Mistakes That Cost Developers A Ton Of Money

Any creative process is a long, difficult struggle. Grand ambitions run into a meat grinder of budget, time, and contrasting opinions, to say nothing of corporate oversight. Development itself is often an iterative process, in which ideas are tried and the refined or discarded. While this can result in anything from a mediocre product to a classic masterpiece, the process can often feel bruising to the people caught inside. A lot of effort can end up going nowhere at all.


But in the gaming industry, some mistakes are a lot more painful than others. These are the ones where the game's makers should have known better. Whether a troubled idea was adhered to for just too long, or expectations were simply unreasonable, or the game just didn't actually work, these are the issues that can sink a developer's reputation –- or even the developer itself. Here are ten mistakes that cost game studios a ton of money.

Blizzard tries to make an MMO, which is an FPS, and also a Sims clone

You might say that Blizzard Entertainment's World of Warcraft was successful if, you know, you consider being one of the highest-grossing games of all time "successful." The MMO has been running for well over a decade now, bringing millions of players together and providing countless hours of questing, battling, and looting.


So it shouldn't come as a surprise that Blizzard thought that they might be good at this whole MMO thing. And that maybe they should do it again. And so, flush with cash and talent to spare, the Irvine, CA-based studio got to work on their next blockbuster, codenamed Titan. It sure didn't lack for ambition. Not only would the game bring millions of players together (again), but it would pull from two wildly different inspirations: The Sims on the one hand, and the FPS genre on the other. As Kotaku reports, the general idea was that the game would have two distinct sections, one for performing a fun if ordinary day job, and another for being a mighty superhero.

And it just never worked. Despite having some of the best designers in the industry, Blizzard simply never found a way to make Titan a good game. After seven agonizing years, the company pulled the plug. It's one thing if a game idea doesn't work out, but sticking with it for such a long time only to can it is a bad mistake that Blizzard probably should have known better than to fall into.


Of course, it wasn't all bad news: parts of Titan (specifically, the FPS bits) were salvaged and re-engineered into Overwatch, which you might say has been successful too.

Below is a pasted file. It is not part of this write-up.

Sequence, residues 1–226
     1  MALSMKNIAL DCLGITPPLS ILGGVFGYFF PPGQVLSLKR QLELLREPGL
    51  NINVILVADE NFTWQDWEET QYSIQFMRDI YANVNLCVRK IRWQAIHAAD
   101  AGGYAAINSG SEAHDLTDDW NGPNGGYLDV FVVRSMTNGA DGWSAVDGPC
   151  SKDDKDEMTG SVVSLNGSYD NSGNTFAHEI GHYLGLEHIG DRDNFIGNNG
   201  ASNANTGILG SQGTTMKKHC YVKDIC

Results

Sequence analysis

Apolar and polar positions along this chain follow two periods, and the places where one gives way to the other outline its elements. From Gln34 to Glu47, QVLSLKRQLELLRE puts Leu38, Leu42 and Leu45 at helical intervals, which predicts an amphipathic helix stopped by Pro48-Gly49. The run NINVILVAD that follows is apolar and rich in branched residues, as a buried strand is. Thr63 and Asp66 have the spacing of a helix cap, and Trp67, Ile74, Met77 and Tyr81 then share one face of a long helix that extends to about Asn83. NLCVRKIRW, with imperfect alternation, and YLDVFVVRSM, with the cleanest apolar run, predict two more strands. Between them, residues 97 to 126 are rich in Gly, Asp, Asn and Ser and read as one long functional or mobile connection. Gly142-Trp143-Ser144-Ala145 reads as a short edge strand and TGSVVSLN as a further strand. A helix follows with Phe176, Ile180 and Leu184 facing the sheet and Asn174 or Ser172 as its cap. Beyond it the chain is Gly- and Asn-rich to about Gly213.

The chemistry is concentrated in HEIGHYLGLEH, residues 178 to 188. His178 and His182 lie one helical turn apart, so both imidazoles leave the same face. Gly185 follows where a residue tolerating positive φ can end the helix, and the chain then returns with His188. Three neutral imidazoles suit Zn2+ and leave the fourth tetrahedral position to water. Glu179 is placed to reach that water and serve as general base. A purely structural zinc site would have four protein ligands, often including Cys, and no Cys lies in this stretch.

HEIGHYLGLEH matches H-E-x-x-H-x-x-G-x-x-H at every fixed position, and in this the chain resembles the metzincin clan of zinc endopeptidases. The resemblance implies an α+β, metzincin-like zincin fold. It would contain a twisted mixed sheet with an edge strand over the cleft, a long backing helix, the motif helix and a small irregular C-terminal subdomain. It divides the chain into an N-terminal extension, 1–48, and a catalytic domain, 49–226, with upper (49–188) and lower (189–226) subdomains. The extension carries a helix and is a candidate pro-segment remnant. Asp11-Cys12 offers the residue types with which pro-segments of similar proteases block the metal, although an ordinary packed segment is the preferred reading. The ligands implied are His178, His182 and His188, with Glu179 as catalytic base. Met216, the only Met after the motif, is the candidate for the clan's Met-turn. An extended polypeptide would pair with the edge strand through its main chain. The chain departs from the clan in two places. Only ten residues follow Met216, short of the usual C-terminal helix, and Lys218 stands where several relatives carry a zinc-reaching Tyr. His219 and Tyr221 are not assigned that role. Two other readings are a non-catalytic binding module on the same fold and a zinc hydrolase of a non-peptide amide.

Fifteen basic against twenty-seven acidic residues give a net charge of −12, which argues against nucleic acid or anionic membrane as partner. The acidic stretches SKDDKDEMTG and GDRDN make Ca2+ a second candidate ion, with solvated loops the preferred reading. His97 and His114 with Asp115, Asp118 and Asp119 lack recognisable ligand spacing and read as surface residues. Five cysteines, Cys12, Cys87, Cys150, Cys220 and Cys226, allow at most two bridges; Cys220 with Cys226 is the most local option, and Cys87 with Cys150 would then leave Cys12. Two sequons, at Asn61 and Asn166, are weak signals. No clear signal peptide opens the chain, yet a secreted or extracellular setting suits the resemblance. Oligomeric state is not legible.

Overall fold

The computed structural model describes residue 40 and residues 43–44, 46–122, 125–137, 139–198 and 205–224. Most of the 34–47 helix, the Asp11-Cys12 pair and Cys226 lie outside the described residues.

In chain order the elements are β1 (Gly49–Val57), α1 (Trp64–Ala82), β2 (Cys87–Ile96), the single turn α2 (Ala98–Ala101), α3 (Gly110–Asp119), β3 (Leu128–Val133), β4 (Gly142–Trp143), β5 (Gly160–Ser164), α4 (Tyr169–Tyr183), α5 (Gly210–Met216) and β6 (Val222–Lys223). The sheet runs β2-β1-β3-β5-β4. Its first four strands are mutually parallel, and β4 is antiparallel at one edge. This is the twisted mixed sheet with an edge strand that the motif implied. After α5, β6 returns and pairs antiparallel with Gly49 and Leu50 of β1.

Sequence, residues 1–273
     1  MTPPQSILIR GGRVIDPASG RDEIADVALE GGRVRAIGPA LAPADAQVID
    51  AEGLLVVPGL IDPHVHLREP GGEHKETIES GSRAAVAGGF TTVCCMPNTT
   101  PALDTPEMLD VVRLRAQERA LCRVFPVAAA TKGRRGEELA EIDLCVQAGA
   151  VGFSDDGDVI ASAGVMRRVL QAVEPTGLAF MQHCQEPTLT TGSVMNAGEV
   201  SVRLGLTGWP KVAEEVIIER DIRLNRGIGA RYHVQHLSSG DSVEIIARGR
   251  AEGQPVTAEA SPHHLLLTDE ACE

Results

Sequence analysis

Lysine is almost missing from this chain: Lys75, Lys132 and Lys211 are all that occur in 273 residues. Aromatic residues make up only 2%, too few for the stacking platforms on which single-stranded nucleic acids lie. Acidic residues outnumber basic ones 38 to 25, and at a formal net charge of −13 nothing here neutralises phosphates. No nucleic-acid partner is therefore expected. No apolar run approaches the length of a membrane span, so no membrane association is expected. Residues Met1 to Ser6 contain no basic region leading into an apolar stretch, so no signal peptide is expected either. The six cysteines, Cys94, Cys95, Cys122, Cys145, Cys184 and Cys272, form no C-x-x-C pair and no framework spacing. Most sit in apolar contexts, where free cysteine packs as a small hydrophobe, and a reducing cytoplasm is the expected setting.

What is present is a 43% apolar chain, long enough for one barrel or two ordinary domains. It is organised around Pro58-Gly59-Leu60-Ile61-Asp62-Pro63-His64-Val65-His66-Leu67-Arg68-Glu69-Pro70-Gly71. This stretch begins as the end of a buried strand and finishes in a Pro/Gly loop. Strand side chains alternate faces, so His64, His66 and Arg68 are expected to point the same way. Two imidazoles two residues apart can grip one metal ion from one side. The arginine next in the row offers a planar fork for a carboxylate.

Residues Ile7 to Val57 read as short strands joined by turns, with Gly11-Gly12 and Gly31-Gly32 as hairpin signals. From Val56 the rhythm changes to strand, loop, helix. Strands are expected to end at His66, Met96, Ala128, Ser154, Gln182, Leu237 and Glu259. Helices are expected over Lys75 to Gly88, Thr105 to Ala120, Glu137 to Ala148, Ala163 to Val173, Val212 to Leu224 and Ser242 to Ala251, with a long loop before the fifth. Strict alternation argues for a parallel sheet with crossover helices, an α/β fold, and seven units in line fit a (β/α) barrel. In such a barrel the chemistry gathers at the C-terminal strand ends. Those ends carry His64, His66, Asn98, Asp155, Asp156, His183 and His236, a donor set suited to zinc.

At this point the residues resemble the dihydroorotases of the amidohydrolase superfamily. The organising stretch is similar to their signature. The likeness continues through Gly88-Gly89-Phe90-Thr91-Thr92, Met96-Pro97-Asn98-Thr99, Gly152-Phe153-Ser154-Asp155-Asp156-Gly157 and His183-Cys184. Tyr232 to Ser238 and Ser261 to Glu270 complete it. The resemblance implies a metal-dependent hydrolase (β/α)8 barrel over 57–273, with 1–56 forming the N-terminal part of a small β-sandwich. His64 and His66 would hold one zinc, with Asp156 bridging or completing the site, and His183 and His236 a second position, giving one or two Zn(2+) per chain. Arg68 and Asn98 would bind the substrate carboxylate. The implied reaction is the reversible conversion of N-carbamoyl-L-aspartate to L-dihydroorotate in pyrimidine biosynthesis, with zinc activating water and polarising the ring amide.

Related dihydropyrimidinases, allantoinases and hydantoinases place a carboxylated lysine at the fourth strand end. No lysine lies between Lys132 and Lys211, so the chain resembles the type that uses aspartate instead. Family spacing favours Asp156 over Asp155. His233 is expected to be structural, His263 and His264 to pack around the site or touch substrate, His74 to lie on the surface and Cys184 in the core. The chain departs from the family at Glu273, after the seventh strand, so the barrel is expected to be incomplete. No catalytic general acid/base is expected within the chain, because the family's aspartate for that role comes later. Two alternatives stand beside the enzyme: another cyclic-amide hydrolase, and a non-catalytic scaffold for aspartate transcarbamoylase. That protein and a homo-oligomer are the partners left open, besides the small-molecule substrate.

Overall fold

Duke Nukem Forever will be the perfect game, someday, really

In 1996, Duke Nukem 3D was a smash hit, a sterling example of the budding FPS genre filled with a personality all its own. So naturally, developer 3D Realms wanted to make a sequel. Fine! The project would be called Duke Nukem Forever, and boy, was that title more appropriate than they ever realized.


3D Realms determined that the new game would have to be absolutely perfect, the very best FPS title on the market. Thing was, though, the industry was continuing to innovate and evolve, and 3D Realms found itself falling behind. They switched engines several times, trying to keep up with the latest graphics. And every time a Halo or a Half-Life came out and reset the goalpost, 3D Realms would have to go chasing after it.

In the end, Forever took forever, and forever was too long. By 2009, the studio was out of cash and its publisher was fed up. 3D Realms went out of business, and Duke Nukem disappeared ... until he came back and actually finished the job under developer Gearbox Software. It was too little, too late, though, and Duke Nukem Forever bombed.


If 3D Realms had just tried to make a good game, instead of a perfect one, the game probably would have sold fine and the company would still be in business.

Grand Theft Auto's coffee was too hot

There's a lot of violence in video games. You can shoot people, slash at people, invade their countries with entire armies, or, if you prefer, just have your eyeball drilled into (don't click that link if you don't have to!). And for the most part, as a society, we're fine with it. There's a ratings system to help parents gauge what's appropriate, and gaming violence has become an accepted part of modern life.


But you know what's absolutely inexcusable? Sex. In a video game. Can you imagine that would do to our world if it ever came to pass?

Uh, we can't think of anything, either. But that's no reason not to cause a controversy! And so when it was discovered that it was possible to unearth a cancelled sex mini-game buried deep within the code of Grand Theft Auto: San Andreas, people went nuts. The mod needed to surface this sexual content was called "Hot Coffee." To repeat, this mini-game had actually been cut: it was just left in the code as an oversight. That mistake ended up costing developer Rockstar's parent company Take-Two $20 million in a class-action lawsuit. That is one expensive cup of coffee.